The Machine's Child
Unfortunately, I absolutely hated Baker's rendition of th ...more
Kage: you know I love the witty, well-realized worlds you create. The snappy dialogue. The varied, engaging characters. The compelling conflicts. All the ingredients are there; why can you not turn them into a story? Why does basic Aristotelean plot structure so totally elude you? My response to coming to end of each of your books has been "What? Am I missing pages?" Th ...more
Loved it. The series kicks over into serious goofiness, if you will, with three bickering lovers-of-Mendoza inhabiting a single body. Full-on robot screwball. With pontificating.
February 7, 2015
I have more issues this time with the issue of consent, but also much more pleasure from the screwball aspect. Time-traveling space pirates, oi! The covers still look like hell to me, though.
Mendoza is a shadow of her former self, and I was really annoyed with how she's infantilized here. Nicholas/Edward/Alec taking advantage of her lack of memory just left me feeling ick over and over and over.
I also couldn't figur ...more
Alec and Captain Morgan (his AI) are back and are on the hunt through time to rescue Mendoza from Options Research. Along for the ride are Nicholas Harpole and Edward Bell-Fairfax who are now integrated into Alec's brain and the three must fight for control of Alec's body. Three, under the guidance of Captain Morgan, soon realize the true horror of the company and swear to bring it to its knees. Step ...more
So Mendoza has been rescued, which is great. And in this book, she and Alec sail all over (through time, as well as space) in his pirate ship, looking for bits of his DNA so they can make him immortal too. They have lots of adventures along the way, and I enjoy the world that Kage Baker has created, with its intricate layers of mortals and immortals, all interacting without always realizing it. But there ...more
Then I got to the 95% mark of this one, and remembered why. This is where Baker loses the plot.
(view spoiler)[ Edward/Alec/Nicholas constantly infantilize Mendoza in their POV, referring to her as a "little girl" or her defenseless "little body." This would be a minor complaint except Baker MAKES her little, regressing her back to fourteen physically for... reasons? It doesn't put a stop to t ...more
Absolutely great Company novel. The intriguing search for Mendoza by Joseph and Alec flits through time and space and ends in a spectacular fight in the Caribbean, home to pirates. Lots of suspense and action in this one as we get closer and closer to the year of 2355 when the lights go out for The Company. The last few pages are quite exciting and surprising. Can’t wait to get to the next in the series.
I enjoy Kage Baker, and The Company Series, but this is the first time I feel like I should have read them in the correct order.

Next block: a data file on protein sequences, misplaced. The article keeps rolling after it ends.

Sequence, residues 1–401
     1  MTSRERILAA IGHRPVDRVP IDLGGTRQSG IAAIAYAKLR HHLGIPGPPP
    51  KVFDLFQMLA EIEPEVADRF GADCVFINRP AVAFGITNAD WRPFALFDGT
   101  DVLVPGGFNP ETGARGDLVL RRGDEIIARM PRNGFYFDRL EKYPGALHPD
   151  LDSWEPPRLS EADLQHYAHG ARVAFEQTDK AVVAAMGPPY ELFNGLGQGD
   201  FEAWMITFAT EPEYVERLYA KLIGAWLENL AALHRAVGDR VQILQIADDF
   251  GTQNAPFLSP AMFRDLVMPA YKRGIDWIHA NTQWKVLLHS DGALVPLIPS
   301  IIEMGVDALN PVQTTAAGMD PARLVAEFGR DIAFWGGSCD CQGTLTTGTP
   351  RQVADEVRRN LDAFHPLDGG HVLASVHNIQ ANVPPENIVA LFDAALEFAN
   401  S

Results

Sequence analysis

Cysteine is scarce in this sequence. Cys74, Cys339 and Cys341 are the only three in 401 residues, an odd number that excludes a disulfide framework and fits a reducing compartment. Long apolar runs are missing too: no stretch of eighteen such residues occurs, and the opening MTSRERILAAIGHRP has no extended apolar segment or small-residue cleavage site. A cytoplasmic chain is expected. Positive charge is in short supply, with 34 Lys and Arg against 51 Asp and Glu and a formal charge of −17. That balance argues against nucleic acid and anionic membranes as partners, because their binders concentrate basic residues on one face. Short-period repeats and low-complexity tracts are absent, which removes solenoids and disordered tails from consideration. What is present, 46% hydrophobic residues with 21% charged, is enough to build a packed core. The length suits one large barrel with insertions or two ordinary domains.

I've read bits and pieces of all of the characters stories, but not enough to put it all together here.
So a lot happens in this book, but also nothing really happens in this book? It goes to some frankly creepy places and I am really not sure I like where it landed. I am still invested in Mendoza, and the pirate AI, and Joseph, and Suleyman and Latif, but I am pretty worried about where things are heading. B. ...more
In Baker's fast-paced new Company novel, the sequel to The Life of the World to Come (2004), Alec Checkerfield shares his cyborg body uncomfortably with the Recombinant personalities of 19th-century spy Edward Bell-Fairfax and 16th-century scholar Nicholas Harpole. Each man, in his own time, worked for—and was betrayed by—Dr. Zeus Inc. (aka the Company), which uses time travel to recover and hoard important historical artifacts. In their quest to destroy the Company
Pretty much everything I said last time, although on this read I've knocked off a point for the hazy consent issue that is the boys and the Captain choosing to keep lying to Mendoza. I get why they did it, but it's still decidedly blurred, especially in the current #metoo climate.
ORIGINAL READ: 2 August 2007 - 4 August 2007 (10/10)
Mendoza was banished long ago, to a prison lost in time where rebellious immortals are "dealt with." Now her pas ...more
All right. I'm back.
Even if I haven't read all the great sci fi, I'm pretty up on at least having heard of it. And I simply have no idea why I hadn't heard of the Company series much, much earlier.* No idea why it isn't better known and why Baker isn't right alongside Le Guin and Heinlein and Atwood and Card and Niven and Stephenson and others as genre staples/members of the pantheon. (Maybe not at Founding Father level like ...more
Joseph has his foster father Budu in a secret base and is rejuve ...more
‘The Machine’s Child’ (Tor, $24.95, 551 pages) inexorably advances Kage Baker’s celebrated Company series towards its inevitable conclusion, but that said, this 2005 installment, the sixth in the series, isn’t the best.
‘The Machine’s Child’ does feature Baker’s inescapable talent -- she’s witty and gifted with the ability to turn a wonderful phrase on a deft observation. On the other hand, she’s loaded down ‘The Machine’s Child’ with some very unwieldly burdens, including three characters sharin ...more